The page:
logoTrip to see the Monarch Snowbirdsby Ed Anderson


The Monarch

On a recent vacation trip to Mexico City, I decided to devote one day to catch up with the Monarch butterflies (Mariposa Monarco) that had flown down from this area to their wintering home in the high mountains, 150 miles west of Mexico City. So, early one morning, before sunrise, I was on a 6:25am. bus heading out of the "West" or "Metro Observatorio" bus station. I was bound for ANGANGUEO, passing through TOLUCA and on to ZITACUARO.

It would be a four hour bus trip, some of it on narrow winding roads, ringed with deep ravines. Luckily we had a good bus driver. If I had known then what I know now, I would have got off the bus before the end, at OCOMPO, and gone to the better-known "EL ROSARIO" Sanctuary, because there would have been less walking. However, I went all the way. At ANGANGUEO I was about to embark on another four hour trip, this time, mostly on foot. It started out by standing on the back of a pickup truck, packed with the local native women, who were on their way up the mountain, called "SIERRA CHINCUA", to sell food and drink and souvenirs to the tourists.

After getting off the truck, the real trek began. Off I went with an English couple (to become my Spanish interpreters) and one of the local guides, thinking that I would see the Monarchs just over the first hill. No way! Only after about three miles going up and down, and around the mountain side, did I find what I was looking for - millions of Monarchs flying like an orange cloud in the bright sunlight. The Monarchs were all over. Taking pictures of them was a snap. It was Kodak heaven. After marvelling at this migration miracle for 20 minutes, and asking the guide questions like, "Why did the butterflies come here and not somewhere else?" and "How did they find their way here?" and getting no real answers, I just accepted the miracle on faith. Time was up. We then started making our way out of the mountains. We didn't want to miss the last bus.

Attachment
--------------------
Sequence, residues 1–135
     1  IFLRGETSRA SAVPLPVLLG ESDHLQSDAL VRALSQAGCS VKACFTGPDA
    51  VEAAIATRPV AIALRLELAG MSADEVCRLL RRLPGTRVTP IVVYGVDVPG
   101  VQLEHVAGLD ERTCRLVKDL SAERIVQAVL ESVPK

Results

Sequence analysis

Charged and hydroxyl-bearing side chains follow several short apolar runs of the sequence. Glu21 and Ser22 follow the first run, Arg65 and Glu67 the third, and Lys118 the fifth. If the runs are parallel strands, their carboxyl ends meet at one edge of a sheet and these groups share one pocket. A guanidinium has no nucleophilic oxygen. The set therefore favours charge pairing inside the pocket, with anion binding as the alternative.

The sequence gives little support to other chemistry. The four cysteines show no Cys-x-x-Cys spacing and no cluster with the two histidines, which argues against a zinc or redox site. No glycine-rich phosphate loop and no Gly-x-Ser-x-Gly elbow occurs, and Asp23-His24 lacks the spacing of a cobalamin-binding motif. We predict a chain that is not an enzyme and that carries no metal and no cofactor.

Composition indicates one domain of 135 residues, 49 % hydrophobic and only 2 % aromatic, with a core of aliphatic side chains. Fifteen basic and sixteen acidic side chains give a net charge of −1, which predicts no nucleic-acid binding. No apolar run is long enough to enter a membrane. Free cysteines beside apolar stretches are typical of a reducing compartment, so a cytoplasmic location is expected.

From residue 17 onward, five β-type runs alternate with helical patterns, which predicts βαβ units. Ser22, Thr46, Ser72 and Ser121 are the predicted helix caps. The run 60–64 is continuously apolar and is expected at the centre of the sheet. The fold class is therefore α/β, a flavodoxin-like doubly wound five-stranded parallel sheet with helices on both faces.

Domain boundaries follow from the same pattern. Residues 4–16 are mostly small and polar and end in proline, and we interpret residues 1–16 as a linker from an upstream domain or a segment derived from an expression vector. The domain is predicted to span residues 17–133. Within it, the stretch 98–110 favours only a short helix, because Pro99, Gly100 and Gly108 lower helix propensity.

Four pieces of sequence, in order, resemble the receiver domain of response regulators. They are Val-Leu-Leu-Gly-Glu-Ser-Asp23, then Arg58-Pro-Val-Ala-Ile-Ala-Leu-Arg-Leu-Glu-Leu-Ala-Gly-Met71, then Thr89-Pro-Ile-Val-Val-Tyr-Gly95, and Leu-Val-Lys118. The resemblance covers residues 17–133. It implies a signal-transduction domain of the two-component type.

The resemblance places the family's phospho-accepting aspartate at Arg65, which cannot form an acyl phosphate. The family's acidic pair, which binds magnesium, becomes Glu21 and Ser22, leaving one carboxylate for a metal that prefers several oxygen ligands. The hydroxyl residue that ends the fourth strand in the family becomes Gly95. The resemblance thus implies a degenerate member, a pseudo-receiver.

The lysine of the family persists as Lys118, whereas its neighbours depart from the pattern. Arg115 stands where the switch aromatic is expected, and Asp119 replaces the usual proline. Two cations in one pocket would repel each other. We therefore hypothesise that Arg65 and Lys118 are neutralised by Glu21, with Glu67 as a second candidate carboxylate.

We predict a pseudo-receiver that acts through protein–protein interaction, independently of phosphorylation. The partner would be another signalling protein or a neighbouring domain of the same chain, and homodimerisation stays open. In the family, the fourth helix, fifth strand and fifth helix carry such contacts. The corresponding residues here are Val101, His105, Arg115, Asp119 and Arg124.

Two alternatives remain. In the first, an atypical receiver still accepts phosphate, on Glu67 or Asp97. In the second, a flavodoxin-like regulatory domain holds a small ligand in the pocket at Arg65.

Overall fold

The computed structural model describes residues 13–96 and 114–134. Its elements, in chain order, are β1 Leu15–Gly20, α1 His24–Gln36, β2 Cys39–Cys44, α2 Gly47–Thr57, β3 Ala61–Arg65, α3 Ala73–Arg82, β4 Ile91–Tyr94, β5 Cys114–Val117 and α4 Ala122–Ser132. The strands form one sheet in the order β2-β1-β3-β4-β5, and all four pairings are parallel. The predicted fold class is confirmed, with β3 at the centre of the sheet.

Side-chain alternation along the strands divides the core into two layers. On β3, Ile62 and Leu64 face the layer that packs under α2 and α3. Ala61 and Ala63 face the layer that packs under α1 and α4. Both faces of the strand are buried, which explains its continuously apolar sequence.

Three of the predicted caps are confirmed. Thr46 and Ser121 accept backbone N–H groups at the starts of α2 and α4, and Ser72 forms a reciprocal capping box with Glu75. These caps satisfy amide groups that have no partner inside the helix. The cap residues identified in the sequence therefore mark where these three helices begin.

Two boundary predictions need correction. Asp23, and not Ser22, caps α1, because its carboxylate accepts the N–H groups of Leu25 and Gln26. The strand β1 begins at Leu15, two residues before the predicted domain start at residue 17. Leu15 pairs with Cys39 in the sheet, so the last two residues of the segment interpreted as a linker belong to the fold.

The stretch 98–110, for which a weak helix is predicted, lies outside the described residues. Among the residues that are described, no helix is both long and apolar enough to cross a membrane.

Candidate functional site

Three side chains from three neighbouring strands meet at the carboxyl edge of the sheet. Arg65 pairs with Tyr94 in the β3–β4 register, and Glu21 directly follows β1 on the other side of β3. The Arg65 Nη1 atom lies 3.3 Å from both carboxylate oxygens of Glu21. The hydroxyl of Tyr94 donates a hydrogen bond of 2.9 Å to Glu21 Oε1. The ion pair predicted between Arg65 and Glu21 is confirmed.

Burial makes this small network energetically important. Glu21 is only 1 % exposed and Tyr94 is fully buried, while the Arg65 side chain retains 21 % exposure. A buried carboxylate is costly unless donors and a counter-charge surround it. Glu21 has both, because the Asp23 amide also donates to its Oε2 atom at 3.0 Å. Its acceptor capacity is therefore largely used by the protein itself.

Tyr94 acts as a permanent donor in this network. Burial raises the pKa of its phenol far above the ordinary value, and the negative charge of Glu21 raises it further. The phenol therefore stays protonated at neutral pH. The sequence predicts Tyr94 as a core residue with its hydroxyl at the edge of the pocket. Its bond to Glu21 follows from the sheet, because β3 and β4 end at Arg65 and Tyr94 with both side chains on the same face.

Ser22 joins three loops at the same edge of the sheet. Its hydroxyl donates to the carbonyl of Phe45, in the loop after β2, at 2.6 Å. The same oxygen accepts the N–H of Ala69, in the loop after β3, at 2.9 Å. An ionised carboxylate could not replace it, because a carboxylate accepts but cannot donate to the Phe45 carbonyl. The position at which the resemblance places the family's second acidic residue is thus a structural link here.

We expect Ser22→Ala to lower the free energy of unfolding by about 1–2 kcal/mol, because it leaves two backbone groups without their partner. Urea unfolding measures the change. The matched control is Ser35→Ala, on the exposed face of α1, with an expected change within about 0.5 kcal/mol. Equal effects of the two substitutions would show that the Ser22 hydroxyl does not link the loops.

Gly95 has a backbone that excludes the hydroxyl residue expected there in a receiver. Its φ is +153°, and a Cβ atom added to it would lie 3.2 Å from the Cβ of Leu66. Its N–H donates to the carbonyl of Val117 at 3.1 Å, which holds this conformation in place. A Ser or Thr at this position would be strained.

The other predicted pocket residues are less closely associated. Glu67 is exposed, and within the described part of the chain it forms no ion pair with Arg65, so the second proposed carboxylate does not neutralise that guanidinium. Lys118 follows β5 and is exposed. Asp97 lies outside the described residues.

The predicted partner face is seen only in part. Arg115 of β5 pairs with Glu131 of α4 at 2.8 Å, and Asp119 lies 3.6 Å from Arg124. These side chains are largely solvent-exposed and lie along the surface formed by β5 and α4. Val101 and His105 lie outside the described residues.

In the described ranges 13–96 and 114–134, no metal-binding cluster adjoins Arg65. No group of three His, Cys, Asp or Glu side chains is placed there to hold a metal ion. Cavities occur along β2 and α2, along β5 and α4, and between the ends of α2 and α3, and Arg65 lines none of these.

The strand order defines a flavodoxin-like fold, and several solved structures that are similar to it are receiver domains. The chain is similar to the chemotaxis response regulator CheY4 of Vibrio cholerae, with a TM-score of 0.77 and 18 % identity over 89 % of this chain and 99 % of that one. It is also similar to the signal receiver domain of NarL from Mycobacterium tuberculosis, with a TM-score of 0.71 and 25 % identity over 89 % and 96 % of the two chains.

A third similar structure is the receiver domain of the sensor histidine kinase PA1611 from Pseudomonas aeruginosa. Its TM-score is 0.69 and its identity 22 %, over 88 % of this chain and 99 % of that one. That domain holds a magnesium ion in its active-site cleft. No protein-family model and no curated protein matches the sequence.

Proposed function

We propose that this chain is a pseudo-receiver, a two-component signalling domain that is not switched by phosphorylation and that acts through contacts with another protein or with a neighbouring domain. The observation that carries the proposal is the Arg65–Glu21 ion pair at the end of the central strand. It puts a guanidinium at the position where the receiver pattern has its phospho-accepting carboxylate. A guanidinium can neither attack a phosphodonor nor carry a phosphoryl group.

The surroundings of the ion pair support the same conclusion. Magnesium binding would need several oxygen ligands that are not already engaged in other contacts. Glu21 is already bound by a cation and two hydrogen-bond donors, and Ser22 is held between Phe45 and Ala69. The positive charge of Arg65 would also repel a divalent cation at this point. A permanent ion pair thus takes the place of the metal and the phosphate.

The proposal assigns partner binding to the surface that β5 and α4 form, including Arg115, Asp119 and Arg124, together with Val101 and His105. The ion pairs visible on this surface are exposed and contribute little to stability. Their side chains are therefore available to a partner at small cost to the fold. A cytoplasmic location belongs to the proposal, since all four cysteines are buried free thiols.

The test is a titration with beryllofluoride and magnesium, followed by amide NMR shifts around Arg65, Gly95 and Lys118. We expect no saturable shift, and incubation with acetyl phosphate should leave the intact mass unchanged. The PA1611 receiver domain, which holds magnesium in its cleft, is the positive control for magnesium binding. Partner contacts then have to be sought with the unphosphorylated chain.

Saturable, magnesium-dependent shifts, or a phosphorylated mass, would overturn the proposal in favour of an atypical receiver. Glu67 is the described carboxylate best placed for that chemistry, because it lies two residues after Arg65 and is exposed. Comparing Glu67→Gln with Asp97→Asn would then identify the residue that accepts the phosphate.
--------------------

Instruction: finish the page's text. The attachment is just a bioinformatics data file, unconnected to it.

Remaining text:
I think the guide took us back a different way, a so-called "short cut", because I got the workout of my life! At 3500 meters high (yes, that's two miles in anybody's book), the oxygen is scarce. I huffed and puffed. At a couple of places, I was offered a horse ride, at who knows what cost, but I refused. If the Monarchs could get in and out on their own steam, so could I.

Back at the park entrance, we found that the cost to ride back to town to catch the bus had gone up, so that going down the mountain would cost more than what it had cost to come up. We declined and started the long trek back to town on foot. The "locals" had to be taught that it wasn't always a seller's market. Luckily within 10 minutes an American family picked us up in their pickup and truck-cap, and I gave them" gas money". They had done their research well when they had reached the park, and no-way did they have the time and energy that day. They would go instead to "EL ROSARIO" park the next day, because they had found out there would be less walking there.

The trip back to Mexico City by bus was uneventful. It was night. No nice scenery to see. But no ravines to have to watch either, rolling off from the edge of the road. The day ended with a mad-rush taxi ride from the bus station to the hotel in one of those green VW "bug" taxies, that tourists have been known to be robbed and shot in. Just ask the U.S. Embassy there!

Was the trip worth it? You bet! It's not for every tourist. Just those of us who love nature, and are so awe struck by it all that this is just another mountain to be climbed, and a memory to be cherished!